More effective banking supervision may help to limit the reoccurrence of the problems that have emerged in this financial crisis (although it must also be recognised that other countries, with more intrusive regulatory approaches, have also experienced significant problems). To achieve this, more resources need to be devoted to supervising major institutions and gathering more supervisory information, with a greater engagement by senior management of the Financial Services Authority (FSA). The FSA has taken actions to increase the resources that are directed to supervising major institutions and increasing senior management engagement with such firms. The quality of financial analysis should be improved, including greater comparative analysis, and macro-prudential considerations better integrated into supervisory assessments. More supervisory information about specific institutions should be made public to enhance transparency and encourage market discipline; this can be done by supervisors requiring institutions to publicise information, in line with international best practice. Consideration should be given to any lessons that can be learnt from more rules-based supervisory approaches applied in other OECD countries, while recognising that they also have weaknesses and limitations.
The financial crisis, particularly the failure of Northern Rock Bank, pointed to a number of weaknesses in the crisis management and resolution framework. The Special Resolution Regime introduces a new pre-insolvency trigger for failing banks and more clearly defined mechanisms for resolution of such a situation. This is useful for dealing with failing banks and, by making it less costly to trigger a failure, reduces moral hazard. For the new regime to work, the Bank of England needs to allocate sufficient resources to deal with the possibility of multiple bank failures. Consideration should be given to numerical targets for prompt corrective action, alongside qualitative judgements. The pre-crisis deposit insurance scheme did not work well, but the regime has been strengthened since 2007 by raising the coverage ceiling, removing coinsurance and improving operational aspects including reducing payment delays. The system should be pre-funded to a greater extent and consideration given to risk-based premia along the lines of schemes in some other countries.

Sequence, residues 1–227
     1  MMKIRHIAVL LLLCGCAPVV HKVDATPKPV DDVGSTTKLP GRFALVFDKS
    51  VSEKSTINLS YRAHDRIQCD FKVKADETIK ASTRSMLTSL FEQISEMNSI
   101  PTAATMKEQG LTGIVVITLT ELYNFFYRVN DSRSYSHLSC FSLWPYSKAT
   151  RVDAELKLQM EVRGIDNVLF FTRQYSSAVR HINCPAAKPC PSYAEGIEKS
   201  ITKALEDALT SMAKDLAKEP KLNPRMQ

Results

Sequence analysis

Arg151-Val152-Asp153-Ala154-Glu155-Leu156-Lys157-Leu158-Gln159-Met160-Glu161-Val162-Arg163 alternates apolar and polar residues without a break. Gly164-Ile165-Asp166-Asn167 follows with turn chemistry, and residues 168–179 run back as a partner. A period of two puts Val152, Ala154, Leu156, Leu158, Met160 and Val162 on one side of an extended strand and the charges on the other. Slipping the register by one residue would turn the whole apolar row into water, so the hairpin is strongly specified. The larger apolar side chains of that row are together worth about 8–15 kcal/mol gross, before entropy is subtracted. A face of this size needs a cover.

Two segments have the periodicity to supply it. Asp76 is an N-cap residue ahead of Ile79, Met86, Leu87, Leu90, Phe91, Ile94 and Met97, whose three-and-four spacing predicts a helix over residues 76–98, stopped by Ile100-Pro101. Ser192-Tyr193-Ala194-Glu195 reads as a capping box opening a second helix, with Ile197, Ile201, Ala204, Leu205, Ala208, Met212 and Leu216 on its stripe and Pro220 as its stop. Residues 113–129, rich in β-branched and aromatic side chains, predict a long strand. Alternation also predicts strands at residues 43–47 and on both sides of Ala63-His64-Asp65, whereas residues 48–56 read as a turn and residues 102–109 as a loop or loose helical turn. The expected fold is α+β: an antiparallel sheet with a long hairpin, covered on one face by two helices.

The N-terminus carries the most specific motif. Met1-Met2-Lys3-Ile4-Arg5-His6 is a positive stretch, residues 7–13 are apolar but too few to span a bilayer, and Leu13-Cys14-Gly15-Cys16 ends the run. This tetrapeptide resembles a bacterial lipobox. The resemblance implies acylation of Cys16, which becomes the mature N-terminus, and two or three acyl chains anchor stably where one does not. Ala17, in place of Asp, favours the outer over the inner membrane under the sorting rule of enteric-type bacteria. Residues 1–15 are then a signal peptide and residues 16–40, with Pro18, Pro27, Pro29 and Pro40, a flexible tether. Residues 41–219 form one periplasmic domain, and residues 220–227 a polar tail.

The high economic, fiscal and social costs of the financial crisis underscore the need for greater focus on systemic risks and to contain such booms in the future. Experience of using banking regulation and supervision to address system-wide macroprudential concerns is limited, although a few countries have applied explicit counter-cyclical policies. The Bank of England did warn of risks in its twice-yearly Financial Stability Review but this failed to have a material impact on risk-taking. The Banking Act 2009 strengthens the role of the Bank of England in this area, expanding its responsibilities and the financial system information at its disposal, as well as clarifying the role of the FSA. The OECD welcomes the Turner Review and the UK authorities’ accompanying Discussion Paper, and encourages the UK authorities to develop the ideas contained in the paper. The new framework should be monitored to ensure the relationship between the central bank and the financial regulator work effectively and that there are no gaps in information or responsibility, and a fine-tuning of the new arrangements may be necessary. Options for reducing the pro-cyclicality of financial markets should be investigated. These could include, for instance, the introduction of an overall leverage ratio covering all relevant assets, and dynamic provisioning or counter-cyclical adjustments to capital ratios. The Bank of England and the FSA should work closely together in the detailed evaluation of regulations covering new areas that might have a systemic impact.
How to obtain this publication
The complete edition of the Economic Survey of United Kingdom is available from:
The Policy Brief (pdf format) can be downloaded in English. It contains the OECD assessment and recommendations.
For further information please contact the United Kingdom Desk at the OECD Economics Department at email@example.com.
The OECD Secretariat’s report was prepared by Petar Vujanovic, Sebastian Barnes, Philip Davis and Peter Smith under the supervision of Peter Hoeller. Statistical assistance was provided by Joseph Chien.